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Spin glass



A spin glass is a disordered material exhibiting high magnetic frustration. The origin of the behavior can be either a disordered structure (such as that of a conventional, chemical glass) or a disordered magnetic doping in an otherwise regular structure. Frustration is the inability of the system to remain in a single lowest energy state (the ground state). Spin glasses have many ground states which are never explored on experimental time scales.

Additional recommended knowledge

It is the time dependence which distinguishes spin glasses from other magnetic systems. Beginning above the spin glass transition temperature, Tc, where the spin glass exhibits more typical magnetic behavior, (such as paramagnetism as discussed here but other kinds of magnetism are possible), if an external magnetic field is applied and the magnetization is plotted versus temperature, it follows the typical Curie law (in which magnetization is inversely proportional to temperature) until Tc is reached, at which point the magnetization becomes virtually constant (this value is called the field cooled magnetization). This is the onset of the spin glass phase. When the external field is removed, the spin glass has a rapid decrease of magnetization to a value called the remnant magnetization, and then a slow decay as the magnetization approaches zero (or some small fraction of the original value - this remains unknown). This decay is non-exponential and no single function can fit the curve of magnetization versus time adequately. This slow decay is particular to spin glasses. Experimental measurements on the order of days have shown continual changes above the noise level of instrumentation.

If a similar test is run on a ferromagnetic substance, when the external field is removed, there is a rapid change to a remnant value that then stays constant in time. For a paramagnet, when the external field is removed, the magnetization rapidly goes to zero and stays there. In each case the change is rapid and, if carefully examined, is found to be exponential decay with a very small time constant.

If instead, the spin glass is cooled below Tc in the absence of an external field, and then a field is applied, there is a rapid increase to a value called the zero-field-cooled magnetization, which is less than the field cooled magnetization, followed by a slow upward drift toward the field cooled value.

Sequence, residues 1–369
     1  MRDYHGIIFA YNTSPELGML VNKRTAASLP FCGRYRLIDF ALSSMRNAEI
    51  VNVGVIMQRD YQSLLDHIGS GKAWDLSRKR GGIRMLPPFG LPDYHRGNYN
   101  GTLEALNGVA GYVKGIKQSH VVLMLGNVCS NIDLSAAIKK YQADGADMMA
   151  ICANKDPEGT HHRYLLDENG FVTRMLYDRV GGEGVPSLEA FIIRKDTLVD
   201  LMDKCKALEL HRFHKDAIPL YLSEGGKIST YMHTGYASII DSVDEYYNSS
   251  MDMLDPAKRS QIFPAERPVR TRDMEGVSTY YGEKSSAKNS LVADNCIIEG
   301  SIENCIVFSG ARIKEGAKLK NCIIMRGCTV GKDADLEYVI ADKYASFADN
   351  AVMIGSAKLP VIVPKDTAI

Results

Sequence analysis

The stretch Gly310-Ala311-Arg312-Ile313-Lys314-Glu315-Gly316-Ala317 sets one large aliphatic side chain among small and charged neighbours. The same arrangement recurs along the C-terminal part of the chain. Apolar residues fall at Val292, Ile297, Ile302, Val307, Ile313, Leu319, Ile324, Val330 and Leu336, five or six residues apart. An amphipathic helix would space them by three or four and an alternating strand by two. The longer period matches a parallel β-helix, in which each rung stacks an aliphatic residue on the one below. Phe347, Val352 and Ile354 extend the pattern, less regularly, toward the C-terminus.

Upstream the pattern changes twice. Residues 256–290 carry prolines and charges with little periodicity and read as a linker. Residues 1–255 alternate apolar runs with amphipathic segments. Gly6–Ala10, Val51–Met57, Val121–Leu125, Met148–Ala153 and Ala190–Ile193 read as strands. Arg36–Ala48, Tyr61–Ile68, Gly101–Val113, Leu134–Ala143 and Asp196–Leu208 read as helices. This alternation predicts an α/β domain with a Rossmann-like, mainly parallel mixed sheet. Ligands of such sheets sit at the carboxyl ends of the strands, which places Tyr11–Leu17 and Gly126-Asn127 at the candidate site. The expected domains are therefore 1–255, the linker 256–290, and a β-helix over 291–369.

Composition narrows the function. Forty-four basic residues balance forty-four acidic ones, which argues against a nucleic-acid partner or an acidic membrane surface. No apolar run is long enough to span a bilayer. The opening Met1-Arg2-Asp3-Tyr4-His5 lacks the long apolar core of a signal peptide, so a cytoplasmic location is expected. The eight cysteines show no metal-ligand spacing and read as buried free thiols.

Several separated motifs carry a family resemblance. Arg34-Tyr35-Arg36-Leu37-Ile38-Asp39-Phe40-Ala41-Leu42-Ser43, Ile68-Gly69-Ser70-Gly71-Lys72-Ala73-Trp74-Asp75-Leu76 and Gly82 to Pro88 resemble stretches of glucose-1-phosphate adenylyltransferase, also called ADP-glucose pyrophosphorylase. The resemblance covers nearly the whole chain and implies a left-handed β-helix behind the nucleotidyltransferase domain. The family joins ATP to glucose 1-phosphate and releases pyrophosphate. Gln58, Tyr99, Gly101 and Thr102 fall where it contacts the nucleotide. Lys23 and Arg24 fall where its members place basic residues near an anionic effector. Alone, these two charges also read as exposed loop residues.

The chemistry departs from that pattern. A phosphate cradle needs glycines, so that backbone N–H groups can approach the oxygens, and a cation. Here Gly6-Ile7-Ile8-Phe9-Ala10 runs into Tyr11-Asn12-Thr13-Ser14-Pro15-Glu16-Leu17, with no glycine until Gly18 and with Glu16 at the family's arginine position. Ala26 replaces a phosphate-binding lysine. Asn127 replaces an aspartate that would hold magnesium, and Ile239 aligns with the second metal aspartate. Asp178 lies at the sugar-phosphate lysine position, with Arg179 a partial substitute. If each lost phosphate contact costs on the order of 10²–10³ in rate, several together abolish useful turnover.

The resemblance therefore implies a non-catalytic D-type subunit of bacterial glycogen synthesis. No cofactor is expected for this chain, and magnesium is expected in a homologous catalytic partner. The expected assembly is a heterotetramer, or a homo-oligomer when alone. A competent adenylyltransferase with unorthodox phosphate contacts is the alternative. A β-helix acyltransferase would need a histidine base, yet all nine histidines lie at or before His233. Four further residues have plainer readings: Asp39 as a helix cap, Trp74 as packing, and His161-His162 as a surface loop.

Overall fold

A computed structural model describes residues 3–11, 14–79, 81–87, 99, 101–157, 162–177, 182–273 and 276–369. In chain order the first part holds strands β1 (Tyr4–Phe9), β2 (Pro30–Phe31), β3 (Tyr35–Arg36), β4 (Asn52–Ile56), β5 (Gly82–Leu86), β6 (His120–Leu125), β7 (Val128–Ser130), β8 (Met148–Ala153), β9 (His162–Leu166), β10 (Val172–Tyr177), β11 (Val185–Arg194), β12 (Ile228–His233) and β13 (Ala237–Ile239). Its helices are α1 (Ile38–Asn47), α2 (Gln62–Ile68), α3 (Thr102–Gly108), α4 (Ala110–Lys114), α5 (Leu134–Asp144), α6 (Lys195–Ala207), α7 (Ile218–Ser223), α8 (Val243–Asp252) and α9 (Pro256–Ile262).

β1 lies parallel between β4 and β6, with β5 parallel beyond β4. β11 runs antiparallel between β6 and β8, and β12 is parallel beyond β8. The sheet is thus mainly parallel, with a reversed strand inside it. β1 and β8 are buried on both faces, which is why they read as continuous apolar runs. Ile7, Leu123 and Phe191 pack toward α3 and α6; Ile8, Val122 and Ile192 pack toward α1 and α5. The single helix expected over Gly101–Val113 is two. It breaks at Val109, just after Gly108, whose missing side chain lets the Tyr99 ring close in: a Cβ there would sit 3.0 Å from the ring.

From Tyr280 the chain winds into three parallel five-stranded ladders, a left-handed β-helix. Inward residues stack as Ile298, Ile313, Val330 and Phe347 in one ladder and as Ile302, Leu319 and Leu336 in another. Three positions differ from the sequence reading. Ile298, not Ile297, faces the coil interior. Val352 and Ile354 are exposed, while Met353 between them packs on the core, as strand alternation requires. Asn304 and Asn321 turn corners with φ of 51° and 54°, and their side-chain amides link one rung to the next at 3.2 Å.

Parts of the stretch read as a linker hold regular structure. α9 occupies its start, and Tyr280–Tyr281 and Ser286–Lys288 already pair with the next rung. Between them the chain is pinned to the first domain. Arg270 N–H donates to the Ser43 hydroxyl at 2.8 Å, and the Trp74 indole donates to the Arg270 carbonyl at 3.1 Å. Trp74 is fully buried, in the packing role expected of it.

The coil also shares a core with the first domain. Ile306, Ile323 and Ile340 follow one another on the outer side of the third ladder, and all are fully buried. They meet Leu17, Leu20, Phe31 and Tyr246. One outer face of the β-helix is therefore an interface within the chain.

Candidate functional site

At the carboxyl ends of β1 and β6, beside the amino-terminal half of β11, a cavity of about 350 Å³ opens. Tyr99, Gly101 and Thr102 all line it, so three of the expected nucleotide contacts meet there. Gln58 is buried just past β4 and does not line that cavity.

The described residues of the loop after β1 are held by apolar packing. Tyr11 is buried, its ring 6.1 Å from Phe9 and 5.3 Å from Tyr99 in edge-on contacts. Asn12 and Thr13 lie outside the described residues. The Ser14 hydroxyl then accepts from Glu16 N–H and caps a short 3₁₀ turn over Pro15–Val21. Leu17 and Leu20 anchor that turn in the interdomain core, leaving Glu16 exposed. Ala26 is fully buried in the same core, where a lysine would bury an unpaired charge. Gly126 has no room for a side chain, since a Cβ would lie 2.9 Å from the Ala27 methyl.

Surprisingly, the sum of the two complex functions of time (the zero-field-cooled and remnant magnetizations) is a constant, namely the field-cooled value, and thus both share identical functional forms with time (Nordblad et al.), at least in the limit of very small external fields.

In addition to unusual experimental properties, spin glasses are the subject of extensive theoretical and computational investigation. A great deal of early theoretical work on spin-glasses uses a form of mean field theory based on a set of replicas of the partition function of the system. An influential exactly-solvable model of a spin-glass was introduced by D. Sherrington and S. Kirkpatrick, and led to considerable theoretical extensions of mean field theory to model the slow dynamics of the magnetisation, and the complex non-ergodic equilibrium state. The equilibrium solution of the model, after some early attempts by Sherrington, Kirkpatrick and others, was found by Giorgio Parisi in 1979 within the replica method. The subsequent work of interpretation of the Parisi solution by M. Mezard, G. Parisi, M.A. Virasoro and many others, revealed the complex nature of a glassy low temperature phase, characterized by ergodicity breaking, ultrametricity, non-selfaverageness. Further developments led to the creation of the cavity method, allowing to study the low temperature phase without replica. A rigorous proof of the Parisi solution has been provided by the work of Francesco Guerra and Michel Talagrand in the 2000.

Besides its importance in condensed matter physics, spin glass theory has in the time acquired a strongly interdisciplinary character, with applications to neural network theory, computer science, theoretical biology, econophysics etc.

The formalism of replica mean field theory has also been applied in the study of neural networks, where it has enabled calculations of properties such as the storage capacity of simple neural network architectures without requiring a training algorithm (such as backpropagation) to be designed or implemented.

The cavity method has been successfully employed to analyze the typical case of Constraint Satisfaction Problems like the random KSAT and the coloring of random graphs.

See also

References

  • K.H. Fischer and J.A. Hertz, Spin Glasses, Cambridge University Press (1991)
  • Mezard, Marc; Giorgio Parisi, Miguel Angel Virasoro (1987). Spin glass theory and beyond. Singapore: World Scientific. ISBN 9971-5-0115-5. 
  • J. A. Mydosh, Spin Glasses, Taylor & Francis (1995)
  • P. Nordblad, L. Lundgren and L. Sandlund, J. Mag. and Mag. Mater. 54, pp. 185 (1986)
  • S. Boettcher, Emory University
  • Spin glass on arxiv.org
 
This article is licensed under the GNU Free Documentation License. It uses material from the Wikipedia article "Spin_glass". A list of authors is available in Wikipedia.
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